Thursday, January 20, 2011

Bring On The Chiffon

In response to the NYT article on the book "Cinderella Ate My Daughter":

I did a college paper comparing the early Disney princesses to the later ones. They made significant strides. Snow White and Aurora (Sleeping Beauty) were both pretty pathetic, so in comparison, Cinderella is pretty badass. The princes were just as vacuous as the princesses as far as I'm concerned. Really, none of the characters were very developed. The villains were evil for no reason beyond basic jealousy. That doesn't make me love those early movies any less--they were beautifully drawn, and the music--wow. I can watch the movies a million times, because they are classic and wonderful and frozen in time.

Fast forward to the Golden Age of Disney, 1989 to late 90s. The heroines were strong-willed, independently-thinking. Pocahontas kicks a whole lot of ass--what a gorgeous film that sadly no one talks about. Beauty and the Beast was nominated for Best Picture. Mulan, Jane in Tarzan, Nala, Jasmine. Not Disney, but princess Anastasia--these are all characters I'll be proud for my daughter to watch.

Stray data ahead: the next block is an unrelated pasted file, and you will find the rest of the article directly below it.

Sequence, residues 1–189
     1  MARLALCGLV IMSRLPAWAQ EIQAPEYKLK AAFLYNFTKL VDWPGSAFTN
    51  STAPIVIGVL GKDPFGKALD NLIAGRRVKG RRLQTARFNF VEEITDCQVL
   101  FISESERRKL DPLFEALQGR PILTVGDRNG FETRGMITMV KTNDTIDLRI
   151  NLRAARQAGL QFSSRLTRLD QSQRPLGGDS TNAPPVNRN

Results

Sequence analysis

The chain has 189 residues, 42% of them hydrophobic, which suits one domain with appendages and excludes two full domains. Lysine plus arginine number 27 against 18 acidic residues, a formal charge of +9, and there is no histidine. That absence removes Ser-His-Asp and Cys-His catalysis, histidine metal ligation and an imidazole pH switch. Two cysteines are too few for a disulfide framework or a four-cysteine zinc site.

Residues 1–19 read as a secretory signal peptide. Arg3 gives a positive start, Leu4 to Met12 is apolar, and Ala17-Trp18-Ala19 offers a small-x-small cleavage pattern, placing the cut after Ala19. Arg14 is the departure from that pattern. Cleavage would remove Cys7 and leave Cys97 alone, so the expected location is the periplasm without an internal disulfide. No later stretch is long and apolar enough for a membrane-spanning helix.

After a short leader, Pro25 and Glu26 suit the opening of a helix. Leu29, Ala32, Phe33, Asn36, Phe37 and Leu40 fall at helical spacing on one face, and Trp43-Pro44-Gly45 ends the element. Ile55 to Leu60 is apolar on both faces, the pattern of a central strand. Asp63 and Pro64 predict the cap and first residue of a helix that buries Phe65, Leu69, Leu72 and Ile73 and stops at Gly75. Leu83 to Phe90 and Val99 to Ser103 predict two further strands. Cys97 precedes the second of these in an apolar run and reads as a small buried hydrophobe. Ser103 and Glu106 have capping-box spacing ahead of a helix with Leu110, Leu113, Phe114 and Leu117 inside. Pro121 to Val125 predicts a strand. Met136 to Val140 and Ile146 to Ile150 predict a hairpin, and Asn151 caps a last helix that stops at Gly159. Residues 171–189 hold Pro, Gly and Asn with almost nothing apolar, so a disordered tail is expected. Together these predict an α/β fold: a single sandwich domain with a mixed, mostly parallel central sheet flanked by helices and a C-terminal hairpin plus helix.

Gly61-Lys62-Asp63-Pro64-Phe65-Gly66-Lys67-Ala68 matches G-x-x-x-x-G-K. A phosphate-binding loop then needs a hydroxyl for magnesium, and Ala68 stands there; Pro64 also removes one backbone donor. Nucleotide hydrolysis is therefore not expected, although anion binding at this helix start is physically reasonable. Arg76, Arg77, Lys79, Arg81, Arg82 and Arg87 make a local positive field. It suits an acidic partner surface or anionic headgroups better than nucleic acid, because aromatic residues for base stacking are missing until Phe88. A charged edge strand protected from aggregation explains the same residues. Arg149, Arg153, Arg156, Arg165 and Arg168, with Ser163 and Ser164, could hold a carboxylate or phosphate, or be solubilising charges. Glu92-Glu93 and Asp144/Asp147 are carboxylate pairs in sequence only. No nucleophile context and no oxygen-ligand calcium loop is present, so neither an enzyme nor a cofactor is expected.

My wedding dress looked a little like Ariel's. And my daughter and Ariel's daughter share the same name--Melody. So yeah, I never grew out of the princess phase. I grew up with the movies, knew all the songs, memorized the dialogue. But I also killed bugs, climbed trees, played on basketball and soccer teams and wore only boys clothing for two years. The key is to make sure our kids are well-rounded. For the record, my son loves Sleeping Beauty and asked for a SB doll for Xmas. We got one for him.

My neverending quest to get skinny is not at all princess related. It's Hollywood related. :)

When it comes to female role models and body image, I think we have much bigger problems than princesses. Scantily clad pop stars and actresses, models, know what I mean.

If anything, emulating princesses helps little girls feel beautiful in those early years. What's wrong with that? They'll have the rest of their lives to hate their nose, their zits, their muffin tops--why not let them enjoy these years of feeling pretty?

I say bring on the chiffon.